IHS Chemical Week

CHEM IDEAS

China: Still an Attractive Place to Do Business?

12:27 PM MST | January 7, 2011 | By IAN YOUNG

Chinese vice premier Li Keqiang launched a charm offensive this week, aimed at reassuring European industrialists that China remains an attractive investment location where overseas firms’ intellectual property (IP) is safe. His intention is to counter growing concerns among multinationals, including leading chemical firms that the business climate in China is deteriorating. They complain that Chinese firms receive preferential treatment over their overseas counterparts when bidding for government contracts, and that China’s technology-transfer rules put non-Chinese firms at a disadvantage.

Li, who is expected to succeed Wen Jiabao as China’s premier in a few years, arrived in Germany yesterday as part of a European tour that also takes in Spain and the U.K. The China Daily ran an article by Li yesterday to coincide with the trip, in which he pledged that China “will continue to improve foreign business-related laws, regulations, and policies, and give protection to intellectual-property rights in order to provide a level playing field and a stable, orderly, transparent, and predictable market environment for all players.”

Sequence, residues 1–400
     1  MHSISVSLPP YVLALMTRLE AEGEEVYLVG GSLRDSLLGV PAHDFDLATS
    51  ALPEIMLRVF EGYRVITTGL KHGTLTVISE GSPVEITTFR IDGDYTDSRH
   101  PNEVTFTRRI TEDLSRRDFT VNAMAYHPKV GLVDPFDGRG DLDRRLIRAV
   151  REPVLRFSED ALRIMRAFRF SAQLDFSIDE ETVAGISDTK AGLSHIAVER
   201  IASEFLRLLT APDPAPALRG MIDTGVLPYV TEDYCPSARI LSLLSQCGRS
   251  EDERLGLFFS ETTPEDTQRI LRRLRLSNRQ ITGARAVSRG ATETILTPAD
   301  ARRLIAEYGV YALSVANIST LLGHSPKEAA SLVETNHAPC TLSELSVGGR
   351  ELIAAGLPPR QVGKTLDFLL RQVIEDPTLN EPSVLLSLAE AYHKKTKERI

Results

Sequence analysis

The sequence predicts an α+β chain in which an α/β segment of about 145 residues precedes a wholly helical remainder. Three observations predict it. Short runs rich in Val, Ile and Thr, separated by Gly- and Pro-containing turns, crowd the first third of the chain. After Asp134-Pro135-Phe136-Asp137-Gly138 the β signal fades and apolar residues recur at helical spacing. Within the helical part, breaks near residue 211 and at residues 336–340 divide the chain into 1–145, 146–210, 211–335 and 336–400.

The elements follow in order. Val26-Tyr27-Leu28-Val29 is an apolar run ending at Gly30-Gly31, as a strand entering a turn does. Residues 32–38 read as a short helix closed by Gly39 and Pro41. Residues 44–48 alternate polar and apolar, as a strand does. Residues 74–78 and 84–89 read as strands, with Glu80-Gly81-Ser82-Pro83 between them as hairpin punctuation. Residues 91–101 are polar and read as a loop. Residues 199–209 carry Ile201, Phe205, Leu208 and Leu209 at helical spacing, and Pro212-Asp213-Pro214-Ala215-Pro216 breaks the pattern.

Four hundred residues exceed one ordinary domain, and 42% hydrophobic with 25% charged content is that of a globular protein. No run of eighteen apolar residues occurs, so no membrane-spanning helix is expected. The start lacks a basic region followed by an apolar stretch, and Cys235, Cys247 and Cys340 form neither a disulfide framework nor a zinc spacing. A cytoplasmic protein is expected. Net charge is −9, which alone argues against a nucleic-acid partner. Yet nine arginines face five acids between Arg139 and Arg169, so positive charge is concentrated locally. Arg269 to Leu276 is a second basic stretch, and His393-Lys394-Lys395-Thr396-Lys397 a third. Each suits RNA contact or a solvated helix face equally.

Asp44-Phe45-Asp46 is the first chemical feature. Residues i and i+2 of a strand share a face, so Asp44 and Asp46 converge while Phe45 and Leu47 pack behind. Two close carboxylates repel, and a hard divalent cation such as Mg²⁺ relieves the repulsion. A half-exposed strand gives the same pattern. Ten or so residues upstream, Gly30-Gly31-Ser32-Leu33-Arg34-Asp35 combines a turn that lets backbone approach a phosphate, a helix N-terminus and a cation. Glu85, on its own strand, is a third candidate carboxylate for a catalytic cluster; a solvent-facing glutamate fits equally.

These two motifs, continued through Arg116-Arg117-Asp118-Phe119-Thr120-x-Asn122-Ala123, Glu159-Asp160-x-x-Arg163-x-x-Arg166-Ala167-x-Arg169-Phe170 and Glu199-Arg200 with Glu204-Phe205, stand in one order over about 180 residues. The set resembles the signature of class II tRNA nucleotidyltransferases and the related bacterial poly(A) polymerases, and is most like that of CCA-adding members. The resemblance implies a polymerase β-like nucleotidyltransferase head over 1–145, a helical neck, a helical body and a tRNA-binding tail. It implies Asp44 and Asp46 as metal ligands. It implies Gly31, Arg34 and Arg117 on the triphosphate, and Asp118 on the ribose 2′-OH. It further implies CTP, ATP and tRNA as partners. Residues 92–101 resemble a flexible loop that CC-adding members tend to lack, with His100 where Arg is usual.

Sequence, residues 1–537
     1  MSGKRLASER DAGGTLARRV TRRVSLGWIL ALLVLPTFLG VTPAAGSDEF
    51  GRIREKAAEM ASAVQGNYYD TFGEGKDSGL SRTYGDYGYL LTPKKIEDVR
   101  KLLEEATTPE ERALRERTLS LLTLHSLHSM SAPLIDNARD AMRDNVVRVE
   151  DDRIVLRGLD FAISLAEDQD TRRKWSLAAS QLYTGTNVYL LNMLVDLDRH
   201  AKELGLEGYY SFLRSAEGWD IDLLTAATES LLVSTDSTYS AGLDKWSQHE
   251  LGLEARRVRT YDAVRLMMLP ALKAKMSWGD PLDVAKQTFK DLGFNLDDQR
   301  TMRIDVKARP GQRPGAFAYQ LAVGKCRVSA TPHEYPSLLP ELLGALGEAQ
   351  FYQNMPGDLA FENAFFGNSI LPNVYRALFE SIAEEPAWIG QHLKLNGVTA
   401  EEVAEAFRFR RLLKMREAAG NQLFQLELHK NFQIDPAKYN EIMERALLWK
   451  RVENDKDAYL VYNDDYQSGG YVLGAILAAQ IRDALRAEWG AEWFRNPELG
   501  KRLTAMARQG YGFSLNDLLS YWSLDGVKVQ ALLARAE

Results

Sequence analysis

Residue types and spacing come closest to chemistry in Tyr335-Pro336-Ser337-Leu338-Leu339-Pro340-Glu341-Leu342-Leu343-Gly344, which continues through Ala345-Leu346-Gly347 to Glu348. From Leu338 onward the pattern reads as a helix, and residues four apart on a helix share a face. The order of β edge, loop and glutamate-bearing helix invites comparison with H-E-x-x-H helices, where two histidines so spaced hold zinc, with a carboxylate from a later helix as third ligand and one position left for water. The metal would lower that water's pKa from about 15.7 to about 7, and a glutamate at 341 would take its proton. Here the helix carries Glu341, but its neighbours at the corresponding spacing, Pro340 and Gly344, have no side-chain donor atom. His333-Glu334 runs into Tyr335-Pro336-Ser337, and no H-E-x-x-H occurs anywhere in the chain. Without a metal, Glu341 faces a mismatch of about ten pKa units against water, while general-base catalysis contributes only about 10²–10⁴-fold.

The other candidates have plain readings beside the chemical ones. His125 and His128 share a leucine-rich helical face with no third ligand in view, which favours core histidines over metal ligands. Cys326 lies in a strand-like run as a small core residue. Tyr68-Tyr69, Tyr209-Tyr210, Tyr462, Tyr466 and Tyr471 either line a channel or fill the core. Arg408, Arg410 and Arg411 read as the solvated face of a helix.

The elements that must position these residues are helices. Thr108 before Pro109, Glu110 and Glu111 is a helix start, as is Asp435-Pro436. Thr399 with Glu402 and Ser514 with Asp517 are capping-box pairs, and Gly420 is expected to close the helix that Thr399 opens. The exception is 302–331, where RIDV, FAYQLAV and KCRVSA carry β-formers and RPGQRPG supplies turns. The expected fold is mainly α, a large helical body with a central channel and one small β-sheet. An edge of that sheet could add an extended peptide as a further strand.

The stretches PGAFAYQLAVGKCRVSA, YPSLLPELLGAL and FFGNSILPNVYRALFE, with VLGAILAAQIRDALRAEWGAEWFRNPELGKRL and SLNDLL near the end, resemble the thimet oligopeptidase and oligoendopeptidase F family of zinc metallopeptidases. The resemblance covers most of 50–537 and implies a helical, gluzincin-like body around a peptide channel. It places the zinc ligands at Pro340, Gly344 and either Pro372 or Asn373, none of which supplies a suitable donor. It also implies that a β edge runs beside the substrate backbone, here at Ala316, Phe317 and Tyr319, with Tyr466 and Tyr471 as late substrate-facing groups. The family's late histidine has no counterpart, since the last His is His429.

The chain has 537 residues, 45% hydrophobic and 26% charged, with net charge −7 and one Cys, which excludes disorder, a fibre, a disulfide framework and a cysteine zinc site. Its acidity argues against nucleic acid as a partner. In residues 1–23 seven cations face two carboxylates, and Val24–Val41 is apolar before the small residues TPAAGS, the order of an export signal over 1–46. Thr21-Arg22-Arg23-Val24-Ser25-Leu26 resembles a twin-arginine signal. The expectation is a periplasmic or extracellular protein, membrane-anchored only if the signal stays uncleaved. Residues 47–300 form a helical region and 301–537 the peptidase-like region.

Li provided similar assurances in an address to a gathering of German industry bosses and government officials in Berlin last night. He promised to give “foreign companies the same treatment as domestic companies.”

Overseas chemical executives will welcome Li’s comments, particularly about IP protection, but they need convincing that his promises will translate into action. China already has a sophisticated set of business and IP laws, but overseas executives say that the regulations are not enforced rigorously enough at the local level, leaving foreign companies’ products and technologies vulnerable. It is local and regional authorities, rather than central government, that discriminate against multinationals when awarding contracts, they add.

Time will tell whether this week’s comments by China’s future premier trickle down to the lower echelons of government and result in a real change in the enforcement of policy.













 
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